FanPost

Where will Miguel Sano be in April?

USA TODAY Sports

Jesse recently posted a piece that looked back at Miguel Sano's 2013 season. Just 20 years old, he showed prodigious power at both High-A Ft. Myers and AA New Britian. As everyone here knows, Sano has been ranked as one of the top prospects in baseball the past two years, and he will be near the top of the lists that are compiled during the next few months (he is already #3 on John Sickels's end-of-season top-75).

There is no question that he is an elite talent - the question right now is what is the path going forward; basically, when will he make the majors? I expect this to be one of the biggest conversation topics of the offseason, and quite possibly the biggest move or non-move the organization will make over the winter.

Having had success at AA, he is now knocking at the door to the majors. The general consensus from the scouts/analysts I follow seems to be that Sano will start next season at AAA, and then be promoted to the majors sometime mid-season in order to conserve service time. Among Twins fans, there were calls for calling up Sano this September, and there is currently talk about having Sano fight for the 3rd base job out of spring training. I wanted to form my own opinion about this decision, so I dug into Sano’s AA stats and found two numbers that really jumped out.

Home Runs

The first number that jumps out from Sano’s season is the power. He hit 19 home runs in just 276 plate appearances. He lead the Eastern League in slugging percentage. It is pretty spectacular power for a 20-year-old. Unprecedented, really. Looking back through past 10 seasons in the Eastern League, here are the top sluggers 20-years-old or younger:

Year

Name

Age

PA

HR

HR%

2013

Miguel Sano

20

276

19

6.88%

2012

Jonathan Schoop

20

555

14

2.52%

2011

Anthony Gose

20

587

16

2.73%

2010

Anthony Rizzo

20

467

20

4.28%

2009

Jesus Montero

19

181

9

4.97%

2008

Travis Snider

20

423

17

4.02%

2007

Andrew McCutchen

20

498

10

2.01%

2006

Carlos Gomez

20

486

7

1.44%

2005

Eric Duncan

20

520

19

3.65%

2004

Hanley Ramirez

20

139

5

3.60%

As you can see, Sano blows everyone else out of the water. Sano’s home run rate is almost 40% higher than the next best young slugger, Jesus Montero. However, it is interesting to see that being on this list doesn't guarantee anything, as many of these top young sluggers have failed or are failing to make it in the majors.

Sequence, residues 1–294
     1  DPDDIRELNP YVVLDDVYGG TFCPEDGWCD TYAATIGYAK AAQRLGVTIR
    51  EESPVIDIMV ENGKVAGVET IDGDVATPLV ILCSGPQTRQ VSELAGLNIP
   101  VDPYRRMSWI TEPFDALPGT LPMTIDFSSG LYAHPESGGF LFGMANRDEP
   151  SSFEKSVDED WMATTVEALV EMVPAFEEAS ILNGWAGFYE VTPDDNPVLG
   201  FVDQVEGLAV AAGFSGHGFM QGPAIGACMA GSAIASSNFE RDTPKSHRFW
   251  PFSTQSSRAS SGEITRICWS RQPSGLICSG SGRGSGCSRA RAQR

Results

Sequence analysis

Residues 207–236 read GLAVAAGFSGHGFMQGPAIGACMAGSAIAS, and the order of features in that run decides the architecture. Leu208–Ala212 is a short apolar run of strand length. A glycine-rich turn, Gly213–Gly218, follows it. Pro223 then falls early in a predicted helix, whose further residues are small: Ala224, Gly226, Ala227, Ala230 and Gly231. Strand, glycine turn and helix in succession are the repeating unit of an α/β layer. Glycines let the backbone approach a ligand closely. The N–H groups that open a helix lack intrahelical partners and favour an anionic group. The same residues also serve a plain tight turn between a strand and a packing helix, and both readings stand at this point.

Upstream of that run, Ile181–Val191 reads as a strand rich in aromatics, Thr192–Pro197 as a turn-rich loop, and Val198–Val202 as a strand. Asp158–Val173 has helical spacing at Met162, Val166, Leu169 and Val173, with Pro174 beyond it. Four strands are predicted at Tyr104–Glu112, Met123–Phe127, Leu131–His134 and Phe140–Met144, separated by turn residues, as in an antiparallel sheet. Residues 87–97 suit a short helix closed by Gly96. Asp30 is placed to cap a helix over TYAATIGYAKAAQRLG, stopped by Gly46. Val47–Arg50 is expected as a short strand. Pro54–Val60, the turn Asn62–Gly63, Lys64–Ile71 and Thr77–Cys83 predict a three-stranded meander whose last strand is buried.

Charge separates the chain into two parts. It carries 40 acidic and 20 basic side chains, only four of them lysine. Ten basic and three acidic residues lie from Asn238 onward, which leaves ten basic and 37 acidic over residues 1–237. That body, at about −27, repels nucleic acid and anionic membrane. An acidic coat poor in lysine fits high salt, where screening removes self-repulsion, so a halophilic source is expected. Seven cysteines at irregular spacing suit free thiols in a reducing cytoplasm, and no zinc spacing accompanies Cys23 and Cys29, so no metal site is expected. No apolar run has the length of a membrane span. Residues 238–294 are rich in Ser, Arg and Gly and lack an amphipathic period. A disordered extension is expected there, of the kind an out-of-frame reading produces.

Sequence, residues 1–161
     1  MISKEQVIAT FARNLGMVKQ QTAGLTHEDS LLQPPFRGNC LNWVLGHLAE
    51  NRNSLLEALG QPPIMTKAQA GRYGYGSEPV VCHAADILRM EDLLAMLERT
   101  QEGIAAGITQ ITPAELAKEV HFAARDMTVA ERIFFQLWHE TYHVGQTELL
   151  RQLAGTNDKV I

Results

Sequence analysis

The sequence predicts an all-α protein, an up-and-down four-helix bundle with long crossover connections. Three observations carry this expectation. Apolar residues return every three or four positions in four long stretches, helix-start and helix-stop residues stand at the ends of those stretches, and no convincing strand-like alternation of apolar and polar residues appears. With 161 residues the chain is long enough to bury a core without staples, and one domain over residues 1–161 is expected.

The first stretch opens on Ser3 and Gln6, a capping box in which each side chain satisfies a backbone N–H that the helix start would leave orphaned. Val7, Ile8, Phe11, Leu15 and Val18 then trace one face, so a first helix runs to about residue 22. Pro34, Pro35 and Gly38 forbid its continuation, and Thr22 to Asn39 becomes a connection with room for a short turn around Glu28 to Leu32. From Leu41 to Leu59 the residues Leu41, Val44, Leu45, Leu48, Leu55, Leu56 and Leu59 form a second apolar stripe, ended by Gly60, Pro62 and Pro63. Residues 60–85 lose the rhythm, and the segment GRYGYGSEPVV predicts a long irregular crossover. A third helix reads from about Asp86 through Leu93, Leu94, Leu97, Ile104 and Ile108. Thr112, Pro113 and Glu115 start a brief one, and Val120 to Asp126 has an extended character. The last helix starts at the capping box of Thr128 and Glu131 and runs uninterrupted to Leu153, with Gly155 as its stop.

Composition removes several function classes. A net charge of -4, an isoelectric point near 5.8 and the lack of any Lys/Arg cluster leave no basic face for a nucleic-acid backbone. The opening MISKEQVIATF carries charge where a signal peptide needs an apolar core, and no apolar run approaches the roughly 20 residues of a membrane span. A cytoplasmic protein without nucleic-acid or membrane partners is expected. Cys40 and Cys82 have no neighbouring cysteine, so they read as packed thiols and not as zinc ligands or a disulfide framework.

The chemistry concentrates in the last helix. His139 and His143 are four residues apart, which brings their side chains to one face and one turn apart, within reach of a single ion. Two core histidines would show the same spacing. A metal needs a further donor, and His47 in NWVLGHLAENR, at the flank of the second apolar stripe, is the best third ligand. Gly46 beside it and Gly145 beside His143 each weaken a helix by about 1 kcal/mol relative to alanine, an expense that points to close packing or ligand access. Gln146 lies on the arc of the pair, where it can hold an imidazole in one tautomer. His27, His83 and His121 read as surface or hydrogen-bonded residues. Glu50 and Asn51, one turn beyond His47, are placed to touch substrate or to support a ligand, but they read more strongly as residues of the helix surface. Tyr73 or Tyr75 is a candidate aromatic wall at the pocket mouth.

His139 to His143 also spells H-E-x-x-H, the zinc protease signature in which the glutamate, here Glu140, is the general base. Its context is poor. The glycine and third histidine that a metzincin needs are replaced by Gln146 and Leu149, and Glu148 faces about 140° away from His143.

In order to put a little bit of context to this home run number, I looked at his competition. Competition at the AA level can be highly variable, so it is important to know if Sano is hitting these home runs off the dredges of the league, or if he is hitting them off of other top prospects. I went through and determined the opposing pitcher for all 19 of Sano’s AA home runs to see who he was hitting this homers off.

Opponent

Rank

Age

ERA

BB%

K%

HR%

Victor Larez


26

4.69

4.81%

16.11%

4.26%

Will Roberts


22

4.52

5.84%

16.38%

2.26%

Jason Townsend


24

6.04

9.88%

14.40%

2.47%

Austin Wright

C+

23

6.10

13.64%

17.46%

2.87%

Seth Rosin

C+

24

4.21

6.48%

18.29%

2.10%

Tyler Knigge

C

24

4.68

10.19%

17.36%

2.64%

Ryan Fraser


24

5.24

13.69%

13.10%

1.79%

Erik Goeddel

C

24

3.83

10.23%

21.54%

1.62%

Jeremy Kehrt


27

4.27

7.51%

17.06%

1.37%

Bobby Lanigan


26

7.85

4.71%

17.65%

3.53%

Matt Packer


25

3.34

6.84%

18.24%

1.14%

Bobby Bramhall


27

3.23

9.80%

17.16%

1.96%

Mario Hollands


24

4.80

6.70%

20.54%

1.79%

Sean Nolin

B

23

3.01

6.49%

26.75%

1.30%

Mark Cohoon


25

4.07

5.81%

17.63%

1.66%

Devin Jones

C+

22

5.45

8.13%

20.44%

2.78%

Ryan Demmin


25

4.58

4.88%

9.76%

1.22%

Total




7.84%

18.35%

2.17%

Eastern League



4.02

9.18%

20.10%

1.95%


Sano hit his 19 home runs against 17 pitchers. Unfortunately, these 17 pitchers did not consist of the top talent of the Eastern League. Only 4 pitchers had ERAs better than league average, and only one pitcher, Sean Nolin, had a significantly better-than-average strikeout rate for the season. Searching for these pitchers in John Sickels’s 2013 Prospect Book, Nolin was the only one with a semi-high prospect ranking, and 11 of the pitchers were considered non-prospects. Sano did most of his home run hitting against below league-average pitchers. At first glance, I thought that Sano just padded his stats against lesser pitchers of the league.